The self-employed are ordinarily classified as independent contractors for tax, workers’ compensation, unemployment and other purposes. “Independent contractor” is just another term for a person who does not have the legal status of an employee.
Whether you qualify as an employee or independent contractor is important both to you and the firms that hire you because an employer-employee relationship is very different from the relationship between a hiring firm and an independent contractor. Employees have a special legal status. Employers owe duties and responsibilities toward employees that do not exist when they hire independent contractors. Moreover, the tax treatment of employees is very different from that of independent contractors.
What happens if the IRS or other government agency determines that I’m really an employee, not an independent contractor?
Initially, it’s up to you and each hiring firm you deal with to decide whether you should be classified as an independent contractor or employee. But the decision about how you should be classified is subject to review by various government agencies, including the IRS and state workers’ compensation and unemployment compensation agencies. These agencies are constantly on the lookout for hiring firms that, in their view, misclassify employees as independent contractors. If one or more of these agencies determine that you should have been classified as an employee, both you and the hiring firm can suffer severe — but very different — consequences.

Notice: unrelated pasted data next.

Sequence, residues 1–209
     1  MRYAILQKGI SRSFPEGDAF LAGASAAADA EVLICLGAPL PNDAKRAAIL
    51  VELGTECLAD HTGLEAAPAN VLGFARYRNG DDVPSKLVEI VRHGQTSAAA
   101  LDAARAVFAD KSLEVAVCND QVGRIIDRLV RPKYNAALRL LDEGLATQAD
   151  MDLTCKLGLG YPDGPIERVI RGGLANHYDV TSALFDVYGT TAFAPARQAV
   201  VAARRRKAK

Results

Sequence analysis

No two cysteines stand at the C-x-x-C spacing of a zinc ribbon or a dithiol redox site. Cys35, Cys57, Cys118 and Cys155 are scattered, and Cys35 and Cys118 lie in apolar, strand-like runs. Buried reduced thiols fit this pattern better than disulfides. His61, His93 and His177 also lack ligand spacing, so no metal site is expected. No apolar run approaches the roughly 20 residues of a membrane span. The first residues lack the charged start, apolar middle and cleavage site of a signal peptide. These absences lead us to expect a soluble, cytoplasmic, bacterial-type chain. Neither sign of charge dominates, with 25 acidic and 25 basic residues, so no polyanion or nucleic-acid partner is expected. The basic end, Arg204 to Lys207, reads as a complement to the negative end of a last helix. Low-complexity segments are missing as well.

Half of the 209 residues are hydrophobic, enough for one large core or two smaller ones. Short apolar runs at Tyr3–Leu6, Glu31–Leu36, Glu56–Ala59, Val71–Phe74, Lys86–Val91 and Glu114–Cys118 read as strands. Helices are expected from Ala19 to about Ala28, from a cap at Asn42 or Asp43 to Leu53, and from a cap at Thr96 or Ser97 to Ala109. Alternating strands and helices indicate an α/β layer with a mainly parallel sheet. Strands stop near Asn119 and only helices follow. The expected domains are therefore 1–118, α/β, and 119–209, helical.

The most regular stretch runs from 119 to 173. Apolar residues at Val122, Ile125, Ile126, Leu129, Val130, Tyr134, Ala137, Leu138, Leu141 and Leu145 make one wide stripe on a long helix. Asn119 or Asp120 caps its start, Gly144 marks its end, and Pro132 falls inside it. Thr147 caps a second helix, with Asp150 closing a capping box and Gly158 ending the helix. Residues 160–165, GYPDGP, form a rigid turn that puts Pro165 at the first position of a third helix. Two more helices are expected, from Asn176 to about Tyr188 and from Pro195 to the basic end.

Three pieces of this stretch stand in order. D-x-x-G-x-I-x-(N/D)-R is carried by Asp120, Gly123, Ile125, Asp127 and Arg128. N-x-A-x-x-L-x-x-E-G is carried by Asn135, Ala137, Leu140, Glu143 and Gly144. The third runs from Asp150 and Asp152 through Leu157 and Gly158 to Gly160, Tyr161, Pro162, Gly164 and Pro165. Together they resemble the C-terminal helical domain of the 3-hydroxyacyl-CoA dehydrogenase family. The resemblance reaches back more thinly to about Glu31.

For example, if the IRS audits a hiring firm and determines that you should have been classified as an employee instead of an independent contractor, it will impose substantial assessments and penalties on the firm. At the very least, the firm will have to pay an amount equal to 20% of the FICA taxes that should have been withheld from your pay, 100% of the FICA and federal unemployment taxes the employer should have paid, a penalty equal to 1.5% of your compensation, interest and sometimes other hefty penalties as well.
No IRS penalties or assessments will be imposed on you. But you might lose certain business deductions because business expenses like home offices and health insurance premiums are not deductible for employees or the deductions are limited.
Audits by state workers’ compensation, unemployment compensation and tax agencies can also result in assessments and penalties being imposed on the hiring firm, but not on you.
Even though it is the employer — not you — who has to pay the penalties imposed by the government for misclassification, you can still suffer greatly if the IRS or other agency determines that a hiring firm should classify you as an employee. For one thing, the firm may dispense with your services because it doesn’t want to pay the additional expenses involved in treating you like an employee. Or, the hiring firm may insist on reducing your compensation to make up for the extra employee expenses.
How do government agencies determine whether a worker is an employee or an independent contractor?
There is no single, clear-cut test for classification. Different legal tests for determining worker status are used by various government agencies, including:
- the Internal Revenue Service
- state unemployment compensation insurance agencies
- state workers’ compensation insurance agencies
- state tax departments
- the United States Labor Department, and
- the National Labor Relations Board.
Each of these agencies is concerned with worker classification for different reasons, and has different biases and practices. Each agency normally makes classification decisions on its own and need not consider what other agencies have done, though they are often strongly influenced by them. As a result, it’s possible for one agency to find that a worker is an independent contractor and another that he or she is an employee. It’s also possible, though rare, for a worker to be deemed an independent contractor in one state and an employee in another.